Saturday, June 10, 2017

Big Draw Day in aid of Sambhali Trust, India

Big Draw Day in aid of Sambhali Trust, India

On 7th June 2017 children and teachers at Grafton Primary School in Islington, London, joined together with parents, carers and other family members to make a single drawing inspired by Indian pattern. The event was in aid of Sambhali Trust, India.


Artist in Residence Tessa Garland and teacher Helena Blake organised the Big Draw as part of the school’s annual, Bring a Parent to School Day.  The event was hugely successful with one parent saying, ‘This is the most fun I have had in many years and so great to be creative with my child’.

The school set a challenge to make a drawing 25 metre long but the final length exceeded all expectations and measured an impressive 73 metres! The quality of the drawing was extremely high and showed off just how talented the children and parents are at Grafton School.

To date the school has raised £1335.90 which will sponsor and enable children in Jodphur, India to go to school. It is hoped that links will be created between the two schools so that children can learn more about each other’s cultures.

Nitsa Sergides, Head Teacher was delighted with the Big Draw and wishes to pass on her best wishes to Sambhali Trust in India.

Sunday, April 30, 2017

Who Made My Clothes? Profile 6 of 6: Kavita's Story

Name: Kavita
Age: 26
Married: no
Children: no

Kavita is 26 years old and is the product developer at Sambhali trust. She was born in Punjab, a less conservative state in the north of India. Unlike most women working at our centre Kavita went to school for 12 years and studied at a Univeristy in Jodphur. She got her degree in fashion designing in 2013. At the end of 2012 Kavita joined Sambhali. At first she was working as a vocational trainer in a centre for women from the Muslim communities but after a year she started to work with the boutique when the project started with 10 ladies. She is now in charge of both our graduate centres, she is responsible for national and international orders, making samples, buying fabrics and training the women as well as teaching them new skills.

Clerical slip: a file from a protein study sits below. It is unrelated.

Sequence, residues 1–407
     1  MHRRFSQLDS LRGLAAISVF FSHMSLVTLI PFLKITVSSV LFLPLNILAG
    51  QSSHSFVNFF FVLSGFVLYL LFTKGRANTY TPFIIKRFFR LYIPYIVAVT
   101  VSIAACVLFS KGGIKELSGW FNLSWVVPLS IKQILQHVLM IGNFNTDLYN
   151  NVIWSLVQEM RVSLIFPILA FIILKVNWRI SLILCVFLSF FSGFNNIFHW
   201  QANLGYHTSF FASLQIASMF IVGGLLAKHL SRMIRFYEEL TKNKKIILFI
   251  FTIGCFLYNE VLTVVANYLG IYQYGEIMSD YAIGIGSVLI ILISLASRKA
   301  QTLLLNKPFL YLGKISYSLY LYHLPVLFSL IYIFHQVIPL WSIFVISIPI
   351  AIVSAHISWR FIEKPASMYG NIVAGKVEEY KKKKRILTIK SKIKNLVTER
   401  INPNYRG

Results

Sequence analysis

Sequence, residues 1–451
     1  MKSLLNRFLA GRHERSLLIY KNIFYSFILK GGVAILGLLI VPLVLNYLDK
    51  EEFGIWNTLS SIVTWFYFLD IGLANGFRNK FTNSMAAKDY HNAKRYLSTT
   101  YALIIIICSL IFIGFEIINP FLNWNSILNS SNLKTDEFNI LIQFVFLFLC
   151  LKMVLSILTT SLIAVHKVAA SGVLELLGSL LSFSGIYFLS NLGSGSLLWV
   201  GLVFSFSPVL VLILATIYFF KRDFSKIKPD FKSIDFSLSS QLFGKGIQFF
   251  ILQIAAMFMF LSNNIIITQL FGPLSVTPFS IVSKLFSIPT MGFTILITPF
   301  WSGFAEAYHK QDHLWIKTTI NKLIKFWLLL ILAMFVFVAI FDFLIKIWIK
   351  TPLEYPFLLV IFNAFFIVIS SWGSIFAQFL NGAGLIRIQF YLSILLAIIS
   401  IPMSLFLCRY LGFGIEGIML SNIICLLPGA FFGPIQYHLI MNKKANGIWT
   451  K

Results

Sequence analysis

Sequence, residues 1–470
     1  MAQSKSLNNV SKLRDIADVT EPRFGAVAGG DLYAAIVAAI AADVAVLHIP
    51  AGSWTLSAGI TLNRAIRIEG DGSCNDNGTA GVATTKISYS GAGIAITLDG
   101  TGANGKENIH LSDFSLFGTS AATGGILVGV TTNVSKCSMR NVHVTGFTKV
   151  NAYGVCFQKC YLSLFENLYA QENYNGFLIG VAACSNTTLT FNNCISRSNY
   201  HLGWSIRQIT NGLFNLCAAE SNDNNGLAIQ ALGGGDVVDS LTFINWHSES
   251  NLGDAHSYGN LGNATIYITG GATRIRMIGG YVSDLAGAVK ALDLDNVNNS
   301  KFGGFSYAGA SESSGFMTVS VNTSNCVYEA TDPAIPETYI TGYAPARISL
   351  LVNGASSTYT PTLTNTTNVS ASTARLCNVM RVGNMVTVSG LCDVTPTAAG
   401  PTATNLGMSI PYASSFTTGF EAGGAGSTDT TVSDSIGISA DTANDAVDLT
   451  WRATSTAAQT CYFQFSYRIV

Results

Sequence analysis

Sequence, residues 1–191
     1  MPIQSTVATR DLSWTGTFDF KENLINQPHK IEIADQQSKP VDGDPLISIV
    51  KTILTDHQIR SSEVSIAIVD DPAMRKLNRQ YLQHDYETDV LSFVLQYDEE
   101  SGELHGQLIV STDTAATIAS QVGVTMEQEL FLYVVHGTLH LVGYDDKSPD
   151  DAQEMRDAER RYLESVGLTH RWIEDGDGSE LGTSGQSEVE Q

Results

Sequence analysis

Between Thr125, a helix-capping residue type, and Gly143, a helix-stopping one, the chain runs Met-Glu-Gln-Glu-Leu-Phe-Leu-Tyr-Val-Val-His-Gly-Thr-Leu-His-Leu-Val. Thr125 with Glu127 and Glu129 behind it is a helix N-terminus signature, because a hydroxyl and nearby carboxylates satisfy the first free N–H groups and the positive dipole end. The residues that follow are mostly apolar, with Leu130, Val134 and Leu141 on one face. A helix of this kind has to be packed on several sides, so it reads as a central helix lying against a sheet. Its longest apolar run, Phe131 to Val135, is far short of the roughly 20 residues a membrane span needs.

“I enjoy my job at Sambhali a lot. I learn everyday something new from the ladies and no day is the same. I like fashion, it's my passion.”

Kavita has one brother and one sister who is also working at Sambhali. Because the social pressure from both society and family in Punjab is significantly smaller, Kavita is not yet married. She has more freedom about deciding who her future-husband will be and has a more independent life than most women in Rajasthan.

“Punjab is more open minded. When I want to get married I can tell my parents and I can also say it if I like someone - it's not a big deal.”

Kavita knows that Rajasthan is a tough ground for women rights and is glad to be part of Sambhali to support the women and is happy about every little step which is achieved to come closer to the main goal of gender equality.

“Child marriage is very bad. The girls don't know what happens with them. And now they are only 18 years old and don't have dreams.”

Kavita's dream for the future is to become a famous fashion designer. She wouldn't want to work in an office but for the moment she wants to stay in Sambhali because she knows how important the trust is for the women.